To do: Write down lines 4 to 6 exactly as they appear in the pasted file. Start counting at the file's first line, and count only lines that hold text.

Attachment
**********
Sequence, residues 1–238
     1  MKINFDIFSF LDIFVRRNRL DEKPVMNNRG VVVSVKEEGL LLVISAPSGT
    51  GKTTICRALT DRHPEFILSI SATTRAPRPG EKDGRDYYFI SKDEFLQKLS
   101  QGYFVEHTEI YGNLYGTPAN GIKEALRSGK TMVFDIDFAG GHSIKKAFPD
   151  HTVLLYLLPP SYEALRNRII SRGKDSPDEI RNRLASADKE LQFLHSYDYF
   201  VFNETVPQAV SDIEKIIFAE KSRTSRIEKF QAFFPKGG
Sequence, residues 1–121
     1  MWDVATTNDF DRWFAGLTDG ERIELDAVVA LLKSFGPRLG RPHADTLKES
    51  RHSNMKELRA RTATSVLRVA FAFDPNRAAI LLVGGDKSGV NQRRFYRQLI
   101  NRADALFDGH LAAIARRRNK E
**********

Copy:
   101  QGYFVEHTEI YGNLYGTPAN GIKEALRSGK TMVFDIDFAG GHSIKKAFPD
   151  HTVLLYLLPP SYEALRNRII SRGKDSPDEI RNRLASADKE LQFLHSYDYF
   201  VFNETVPQAV SDIEKIIFAE KSRTSRIEKF QAFFPKGG